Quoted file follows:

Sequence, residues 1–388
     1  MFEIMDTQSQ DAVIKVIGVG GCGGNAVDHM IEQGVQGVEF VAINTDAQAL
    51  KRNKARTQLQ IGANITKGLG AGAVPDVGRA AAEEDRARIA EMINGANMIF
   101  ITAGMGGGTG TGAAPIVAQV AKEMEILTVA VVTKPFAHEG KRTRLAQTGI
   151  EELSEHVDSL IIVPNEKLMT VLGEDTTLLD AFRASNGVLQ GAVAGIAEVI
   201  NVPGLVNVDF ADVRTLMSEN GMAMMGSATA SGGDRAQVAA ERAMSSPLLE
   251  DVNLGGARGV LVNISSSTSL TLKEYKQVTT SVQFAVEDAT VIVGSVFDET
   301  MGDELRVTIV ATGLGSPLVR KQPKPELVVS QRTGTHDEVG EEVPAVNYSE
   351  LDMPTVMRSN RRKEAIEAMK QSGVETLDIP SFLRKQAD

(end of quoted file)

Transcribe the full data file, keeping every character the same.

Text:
Sequence, residues 1–388
     1  MFEIMDTQSQ DAVIKVIGVG GCGGNAVDHM IEQGVQGVEF VAINTDAQAL
    51  KRNKARTQLQ IGANITKGLG AGAVPDVGRA AAEEDRARIA EMINGANMIF
   101  ITAGMGGGTG TGAAPIVAQV AKEMEILTVA VVTKPFAHEG KRTRLAQTGI
   151  EELSEHVDSL IIVPNEKLMT VLGEDTTLLD AFRASNGVLQ GAVAGIAEVI
   201  NVPGLVNVDF ADVRTLMSEN GMAMMGSATA SGGDRAQVAA ERAMSSPLLE
   251  DVNLGGARGV LVNISSSTSL TLKEYKQVTT SVQFAVEDAT VIVGSVFDET
   301  MGDELRVTIV ATGLGSPLVR KQPKPELVVS QRTGTHDEVG EEVPAVNYSE
   351  LDMPTVMRSN RRKEAIEAMK QSGVETLDIP SFLRKQAD